Last week more than 20 fire companies joined together to prevent the spread of a blaze which reached more than 2,400 acres of the Shawagunk Ridge and Roosa Gap State forest.
The fire increased and sustained due to environmental conditions. Not long before the fire began, the National Weather Service posted a Red Flag warning for Dutchess County, stating: “Low relative humidity combined with gusty winds and extreme dry conditions could lead to brush fires in Dutchess County. Fires may spread rapidly and uncontrollably.”
It is important to understand weather warnings to prepare, and potentially prevent disaster.
There are two basic types of “fire warnings.”
- Fire weather watch: issued when there is potential for a severe fire in the near future. A “fire weather watch” has a relatively low probability of occurring. A watch is generally issued 12 to 24 hours prior to the expected onset of severe fire weather conditions.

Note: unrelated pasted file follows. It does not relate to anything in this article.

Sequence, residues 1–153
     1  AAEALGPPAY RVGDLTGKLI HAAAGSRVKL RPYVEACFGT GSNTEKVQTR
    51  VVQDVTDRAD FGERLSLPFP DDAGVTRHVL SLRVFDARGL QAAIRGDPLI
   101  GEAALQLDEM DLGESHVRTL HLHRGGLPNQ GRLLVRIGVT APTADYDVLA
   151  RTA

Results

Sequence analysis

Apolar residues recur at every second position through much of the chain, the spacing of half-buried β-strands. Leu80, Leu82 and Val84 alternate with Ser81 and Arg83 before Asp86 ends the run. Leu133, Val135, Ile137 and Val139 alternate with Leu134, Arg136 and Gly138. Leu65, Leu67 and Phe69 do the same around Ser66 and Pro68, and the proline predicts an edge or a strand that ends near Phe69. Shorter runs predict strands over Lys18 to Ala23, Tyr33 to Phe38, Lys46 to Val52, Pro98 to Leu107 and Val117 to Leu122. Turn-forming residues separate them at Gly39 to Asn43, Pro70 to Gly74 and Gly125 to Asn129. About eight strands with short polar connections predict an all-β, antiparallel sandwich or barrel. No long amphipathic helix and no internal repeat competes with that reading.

- Red flag warning: indicates a high risk of severe fire. Warnings are typically listed within twelve hours of danger and aren’t necessarily preceded by a fire weather watch.
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Mr. Finkelstein is the Managing Partner of Finkelstein & Partners, LLP. He has become a noted consumer activist through his representation of injured individuals against corporate wrongdoers and irresponsible parties.
An accomplished litigator, Mr. Finkelstein has represented Plaintiffs in wrongful death and catastrophic personal injury cases. He has successfully handled dozens of multi-million dollar cases.